What is the relationship between Gross Domestic Product (GDP) and the business cycle? How can you use information about the business cycle when making a decision about a large purchase?
Gross Domestic Product (GDP) refers to the market value of all final goods and services that are produced in a country in a given period of time. The term, business cycle, is used to describe periods of expansions of economic activity, followed by recessions, contractions and revivals. In an economy, if all the resources are fully utilized, then the economy is said to be producing at its potential GDP.
This measures all income and output through a series of national accounts. At the end of their fiscal year, all cash flow in and out is added up to determine the GDP. Real GDP is the adjustment for the distortion caused by inflation by measuring the fiscal output of goods and services in a given year against the prices of a base year while nominal GDP measures output using current year prices.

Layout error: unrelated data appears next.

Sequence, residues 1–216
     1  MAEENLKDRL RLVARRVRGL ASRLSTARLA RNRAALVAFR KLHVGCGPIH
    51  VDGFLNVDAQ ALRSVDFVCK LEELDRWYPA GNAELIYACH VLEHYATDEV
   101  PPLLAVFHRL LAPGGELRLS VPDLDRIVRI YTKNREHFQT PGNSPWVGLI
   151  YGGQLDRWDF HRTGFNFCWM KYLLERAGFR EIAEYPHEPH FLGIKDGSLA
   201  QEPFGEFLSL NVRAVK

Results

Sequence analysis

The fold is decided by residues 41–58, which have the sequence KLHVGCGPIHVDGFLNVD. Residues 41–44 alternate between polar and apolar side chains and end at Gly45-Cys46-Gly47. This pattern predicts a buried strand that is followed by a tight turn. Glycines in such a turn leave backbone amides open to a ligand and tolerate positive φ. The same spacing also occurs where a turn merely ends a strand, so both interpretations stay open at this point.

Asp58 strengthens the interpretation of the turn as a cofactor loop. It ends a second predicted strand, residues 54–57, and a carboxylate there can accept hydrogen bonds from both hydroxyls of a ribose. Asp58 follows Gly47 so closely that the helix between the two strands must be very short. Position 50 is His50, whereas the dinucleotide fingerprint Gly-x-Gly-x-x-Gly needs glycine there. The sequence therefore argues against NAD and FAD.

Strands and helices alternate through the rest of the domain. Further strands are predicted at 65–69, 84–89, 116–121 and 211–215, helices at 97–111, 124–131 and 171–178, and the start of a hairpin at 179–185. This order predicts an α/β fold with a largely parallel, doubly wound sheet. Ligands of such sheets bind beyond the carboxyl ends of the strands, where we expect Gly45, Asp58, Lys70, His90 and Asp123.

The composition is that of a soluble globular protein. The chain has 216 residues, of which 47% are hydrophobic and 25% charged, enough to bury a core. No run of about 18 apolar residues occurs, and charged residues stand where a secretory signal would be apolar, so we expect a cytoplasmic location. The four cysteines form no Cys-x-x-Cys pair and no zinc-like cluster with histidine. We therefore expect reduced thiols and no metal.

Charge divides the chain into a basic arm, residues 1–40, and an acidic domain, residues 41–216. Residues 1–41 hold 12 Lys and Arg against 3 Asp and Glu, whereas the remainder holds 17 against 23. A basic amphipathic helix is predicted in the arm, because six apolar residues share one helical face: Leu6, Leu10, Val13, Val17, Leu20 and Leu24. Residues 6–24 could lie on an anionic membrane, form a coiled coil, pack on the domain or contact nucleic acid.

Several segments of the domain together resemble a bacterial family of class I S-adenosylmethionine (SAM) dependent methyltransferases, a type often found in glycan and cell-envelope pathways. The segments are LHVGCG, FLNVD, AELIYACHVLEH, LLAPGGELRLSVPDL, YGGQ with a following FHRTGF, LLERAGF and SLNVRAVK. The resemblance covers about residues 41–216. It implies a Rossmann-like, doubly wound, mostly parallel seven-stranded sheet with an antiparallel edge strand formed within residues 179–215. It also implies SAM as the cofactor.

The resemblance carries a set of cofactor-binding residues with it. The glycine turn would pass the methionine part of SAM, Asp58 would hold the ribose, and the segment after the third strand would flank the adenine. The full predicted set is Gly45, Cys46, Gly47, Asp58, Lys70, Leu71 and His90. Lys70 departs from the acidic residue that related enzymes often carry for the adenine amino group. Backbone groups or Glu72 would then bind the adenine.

2.The business cycle
A country economy moves in a familiar pattern of four cycles
a) contraction: slow down in growth or recession.
b) trough: bottom end of the cycle
c) expansion: growth increases or recovery of the economy.
d) peak: top end of the cycle.
The normal business cycle experiences continuous fluctuations with one cycle leading no matter how prolonged to the next and the recession is defined as 2 consecutive quarters of declining growth in real GDP.
When the economy expands: unemployment decreases, inflation begins to increase and the real
On the other hand, when the economy contracts: unemployment increases, inflation decreases
and the real GDP falls.
The movement of the actual GDP across the potential GDP is given by business cycle.
Graphically, the phases of the